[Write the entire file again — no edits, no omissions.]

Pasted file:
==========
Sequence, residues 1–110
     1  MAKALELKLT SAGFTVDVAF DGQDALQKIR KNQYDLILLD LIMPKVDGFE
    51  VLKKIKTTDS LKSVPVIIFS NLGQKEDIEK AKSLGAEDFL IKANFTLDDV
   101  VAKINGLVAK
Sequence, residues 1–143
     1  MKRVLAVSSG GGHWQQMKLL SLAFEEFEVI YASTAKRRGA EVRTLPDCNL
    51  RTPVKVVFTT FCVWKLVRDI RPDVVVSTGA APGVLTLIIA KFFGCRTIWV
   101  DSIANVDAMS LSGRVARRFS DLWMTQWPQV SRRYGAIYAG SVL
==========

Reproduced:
Sequence, residues 1–110
     1  MAKALELKLT SAGFTVDVAF DGQDALQKIR KNQYDLILLD LIMPKVDGFE
    51  VLKKIKTTDS LKSVPVIIFS NLGQKEDIEK AKSLGAEDFL IKANFTLDDV
   101  VAKINGLVAK
Sequence, residues 1–143
     1  MKRVLAVSSG GGHWQQMKLL SLAFEEFEVI YASTAKRRGA EVRTLPDCNL
    51  RTPVKVVFTT FCVWKLVRDI RPDVVVSTGA APGVLTLIIA KFFGCRTIWV
   101  DSIANVDAMS LSGRVARRFS DLWMTQWPQV SRRYGAIYAG SVL